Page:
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Cambridge shuttle bus proposed amid switch of interchange sites



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A zero emission bus could shuttle people around key destinations in the city centre if the main interchange currently at Drummer Street moves.

Drummer Street bus interchange . Picture: Keith Heppell. (57238422)
Drummer Street bus interchange . Picture: Keith Heppell. (57238422)

The St Andrew’s Street, Drummer Street and Emmanuel Street area where many existing bus services begin and end are said to be at capacity. This means the existing interchange would struggle to take an increased number of services under plans to run buses every five minutes or less in the city centre.

There is no space to increase capacity at this main bus interchange, so the Greater Cambridge Partnership (GCP) is considering relocating bus routes away from the area and is exploring options for alternative bus interchanges.

The GCP is also looking at further pedestrianisation in the city centre under its review of the road network hierarchy, as we have reported.

Given that walking distances could increase as a result, which could impact on people with mobility needs in particular, the GCP has suggested some form of zero-emission shuttle bus service could link up with places people want to access in the city centre.

The new road classification for Cambridge consultation states: “If the area of pedestrian priority was to be extended, it will be important to ensure that the longer walking distances are not a barrier for people with disabilities and/or mobility needs. This would be done by providing alternative ways to get around the city centre, such as enhanced shop mobility or exploring a form of zero emission shuttle bus service to link up the whole area.

“Restricting access to some streets to pedestrians, cyclists and other active travellers could help to improve safety for everyone.”

Richard Preston, senior delivery project manager for the GCP, told the Cambridge Independent: “Cambridge did have a shuttle bus many years ago, when we first pedestrianised the very heart of the city, and that was a low emission vehicle that ran for many years.

“I think the key issue here is that if you pedestrianise a larger area of the city, that creates a really good environment for people who are using it. But we need to recognise that if the buses are a little bit further out, it means there are longer walking distances.

“For a lot of people that will probably be very good for their health, but we also need to recognise that may be a bit of a challenge for some people.

“We’re thinking, how we can make that central area still accessible to people of all abilities? One of the ideas we’ve suggested we look into is a zero emission shuttle service that can link up all those destinations in that central area.”

Cambridge City Council’s Making Space for People vision proposes making central Cambridge more ‘people focussed’ by increasing pedestrian and cycle priority and reducing access by motor vehicles.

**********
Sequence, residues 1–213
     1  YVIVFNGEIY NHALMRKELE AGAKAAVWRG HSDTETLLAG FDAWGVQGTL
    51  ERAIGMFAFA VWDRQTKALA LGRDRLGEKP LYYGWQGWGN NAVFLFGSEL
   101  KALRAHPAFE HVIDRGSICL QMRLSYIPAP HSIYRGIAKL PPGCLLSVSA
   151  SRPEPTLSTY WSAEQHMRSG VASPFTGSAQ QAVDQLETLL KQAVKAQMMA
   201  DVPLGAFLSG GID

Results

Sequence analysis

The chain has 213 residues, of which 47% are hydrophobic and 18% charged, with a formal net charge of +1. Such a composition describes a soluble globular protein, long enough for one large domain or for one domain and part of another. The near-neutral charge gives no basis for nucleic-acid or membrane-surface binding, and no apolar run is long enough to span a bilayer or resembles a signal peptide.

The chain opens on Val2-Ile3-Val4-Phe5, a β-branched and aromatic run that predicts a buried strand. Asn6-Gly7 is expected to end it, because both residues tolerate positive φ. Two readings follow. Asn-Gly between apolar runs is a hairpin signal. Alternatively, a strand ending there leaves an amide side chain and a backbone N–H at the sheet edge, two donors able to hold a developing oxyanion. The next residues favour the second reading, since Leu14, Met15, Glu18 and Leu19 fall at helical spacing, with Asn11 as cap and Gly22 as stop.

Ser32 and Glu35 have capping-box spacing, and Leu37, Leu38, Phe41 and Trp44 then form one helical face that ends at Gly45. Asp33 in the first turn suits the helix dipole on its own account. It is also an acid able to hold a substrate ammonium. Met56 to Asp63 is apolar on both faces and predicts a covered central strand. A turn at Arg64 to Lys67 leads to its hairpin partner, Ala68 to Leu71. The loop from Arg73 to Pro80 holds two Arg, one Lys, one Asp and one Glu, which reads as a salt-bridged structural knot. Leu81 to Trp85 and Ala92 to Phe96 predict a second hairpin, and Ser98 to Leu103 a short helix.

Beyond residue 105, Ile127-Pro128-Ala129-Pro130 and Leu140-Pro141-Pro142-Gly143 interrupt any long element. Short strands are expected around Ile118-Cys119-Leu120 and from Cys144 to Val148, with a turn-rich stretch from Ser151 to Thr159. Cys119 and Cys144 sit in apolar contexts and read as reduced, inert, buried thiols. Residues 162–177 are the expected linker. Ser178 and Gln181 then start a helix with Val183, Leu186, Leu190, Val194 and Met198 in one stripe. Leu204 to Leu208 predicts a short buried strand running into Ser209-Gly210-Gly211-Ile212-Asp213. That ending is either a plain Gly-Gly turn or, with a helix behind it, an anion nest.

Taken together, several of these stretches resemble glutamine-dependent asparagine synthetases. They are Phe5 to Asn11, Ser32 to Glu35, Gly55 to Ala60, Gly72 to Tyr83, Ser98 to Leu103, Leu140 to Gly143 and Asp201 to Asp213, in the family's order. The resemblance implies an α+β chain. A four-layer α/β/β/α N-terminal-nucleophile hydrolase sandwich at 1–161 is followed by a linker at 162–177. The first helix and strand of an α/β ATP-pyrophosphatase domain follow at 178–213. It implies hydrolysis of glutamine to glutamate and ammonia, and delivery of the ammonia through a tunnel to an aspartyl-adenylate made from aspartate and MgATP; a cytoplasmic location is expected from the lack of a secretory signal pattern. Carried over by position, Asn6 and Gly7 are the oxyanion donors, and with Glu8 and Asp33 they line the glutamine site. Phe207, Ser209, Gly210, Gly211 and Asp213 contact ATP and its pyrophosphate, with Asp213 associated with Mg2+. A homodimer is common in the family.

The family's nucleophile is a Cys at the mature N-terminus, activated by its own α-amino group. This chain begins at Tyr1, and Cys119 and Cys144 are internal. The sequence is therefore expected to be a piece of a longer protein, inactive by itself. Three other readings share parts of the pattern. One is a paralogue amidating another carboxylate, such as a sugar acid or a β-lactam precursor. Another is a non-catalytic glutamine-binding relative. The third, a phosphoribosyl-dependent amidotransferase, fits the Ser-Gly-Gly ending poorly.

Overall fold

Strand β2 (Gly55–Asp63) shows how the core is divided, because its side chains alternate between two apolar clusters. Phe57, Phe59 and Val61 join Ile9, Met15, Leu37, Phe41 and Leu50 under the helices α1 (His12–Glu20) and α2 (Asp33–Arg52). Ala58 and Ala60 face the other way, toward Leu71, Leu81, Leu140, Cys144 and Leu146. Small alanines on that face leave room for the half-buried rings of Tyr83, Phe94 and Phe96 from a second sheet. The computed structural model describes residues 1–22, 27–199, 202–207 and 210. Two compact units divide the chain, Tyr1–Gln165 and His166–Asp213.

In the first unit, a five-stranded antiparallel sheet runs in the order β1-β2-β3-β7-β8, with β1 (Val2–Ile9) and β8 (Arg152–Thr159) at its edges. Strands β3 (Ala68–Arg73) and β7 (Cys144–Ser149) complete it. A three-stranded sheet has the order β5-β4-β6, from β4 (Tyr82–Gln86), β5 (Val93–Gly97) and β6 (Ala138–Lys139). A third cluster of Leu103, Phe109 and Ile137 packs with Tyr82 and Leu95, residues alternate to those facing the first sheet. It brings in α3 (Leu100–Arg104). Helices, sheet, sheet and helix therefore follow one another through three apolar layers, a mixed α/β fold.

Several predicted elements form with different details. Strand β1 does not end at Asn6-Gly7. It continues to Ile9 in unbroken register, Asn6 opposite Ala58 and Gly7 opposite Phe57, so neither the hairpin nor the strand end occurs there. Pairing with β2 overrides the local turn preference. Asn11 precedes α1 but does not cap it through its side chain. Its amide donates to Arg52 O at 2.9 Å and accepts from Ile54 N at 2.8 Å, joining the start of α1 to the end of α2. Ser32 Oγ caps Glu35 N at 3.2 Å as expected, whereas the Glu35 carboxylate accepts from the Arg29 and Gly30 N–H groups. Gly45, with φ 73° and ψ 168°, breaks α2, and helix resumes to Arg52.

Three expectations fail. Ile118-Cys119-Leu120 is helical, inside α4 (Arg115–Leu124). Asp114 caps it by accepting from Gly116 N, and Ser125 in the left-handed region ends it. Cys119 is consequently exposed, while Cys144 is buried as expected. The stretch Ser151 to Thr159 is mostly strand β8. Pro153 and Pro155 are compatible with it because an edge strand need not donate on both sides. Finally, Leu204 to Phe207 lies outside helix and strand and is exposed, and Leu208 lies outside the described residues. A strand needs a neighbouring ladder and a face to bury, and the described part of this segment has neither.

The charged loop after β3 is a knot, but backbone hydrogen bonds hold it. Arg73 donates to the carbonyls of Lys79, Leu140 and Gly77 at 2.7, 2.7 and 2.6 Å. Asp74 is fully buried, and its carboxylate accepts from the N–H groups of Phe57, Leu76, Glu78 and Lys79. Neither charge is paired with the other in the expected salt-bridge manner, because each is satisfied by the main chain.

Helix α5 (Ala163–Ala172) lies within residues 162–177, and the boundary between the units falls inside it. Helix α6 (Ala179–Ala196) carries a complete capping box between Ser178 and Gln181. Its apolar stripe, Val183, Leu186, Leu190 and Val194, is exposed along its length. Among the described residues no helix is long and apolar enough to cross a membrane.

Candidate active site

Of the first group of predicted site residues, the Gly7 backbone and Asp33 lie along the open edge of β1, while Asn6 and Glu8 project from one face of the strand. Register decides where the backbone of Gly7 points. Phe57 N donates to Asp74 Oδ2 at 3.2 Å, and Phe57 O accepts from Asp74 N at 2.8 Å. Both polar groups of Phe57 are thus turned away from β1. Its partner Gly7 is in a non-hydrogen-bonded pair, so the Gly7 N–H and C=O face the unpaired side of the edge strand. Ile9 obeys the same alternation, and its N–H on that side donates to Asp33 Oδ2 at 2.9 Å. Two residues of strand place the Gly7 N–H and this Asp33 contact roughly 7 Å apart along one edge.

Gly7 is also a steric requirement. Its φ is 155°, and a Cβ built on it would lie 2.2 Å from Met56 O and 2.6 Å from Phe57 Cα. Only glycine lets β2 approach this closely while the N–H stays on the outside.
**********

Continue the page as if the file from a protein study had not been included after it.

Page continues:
The initial ideas for a new road classification suggest giving priority to walking and cycling in more streets in the city centre.

Drummer Street bus interchange . Picture: Keith Heppell. (57238425)
Drummer Street bus interchange . Picture: Keith Heppell. (57238425)

Moving bus and taxi routes further out provides an opportunity to increase the area that could be limited to pedestrian and cyclist access only. Motor vehicle access would be restricted by time of day and limited to essential needs.

This would benefit both pedestrians and cyclists, but the GCP has acknowledged that in some streets at busy times the interaction between walking and cycling can cause delay and friction. As a result, it is looking at creating alternative routes to give cyclists the choice to avoid these streets.

Cllr Elisa Meschini (Lab, King’s Hedges), the GCP’s executive board chair and deputy leader of Cambridgeshire County Council, said: “We need to consider offerings for everyone because if I’m standing in the city centre, it won’t really hurt me to walk a bit. But do I have the time or am I carrying a shedload of stuff, which means after a while you get really tired, or do I have a screaming child as well as a whole load of stuff that I’m carrying? We need to look at every need.

“There is quite a lot of scope for shuttle routes within the city, but also outside of the city in rural areas. There are a lot of places that are screaming for them, so we are looking at that at present.”

The GCP is also seeking the views of taxi drivers as well as people making and receiving deliveries within the city centre.

It is exploring the use of low emission vehicles or e-cargo bikes to reduce congestion and improve air quality in the city by allowing easier and more frequent access for these types of vehicles to encourage businesses to combine their deliveries.

The consultation adds: “Further restrictions on access to the city centre for motor vehicles would mean that deliveries to businesses would need to be made in a

different way.

“Combining deliveries where possible for the final part of the trip would help reduce the number of goods vehicles that need to get into and around the city centre.”

For more information or to comment on the consultation visit, greatercambridge.org.uk/RoadClassification2022.



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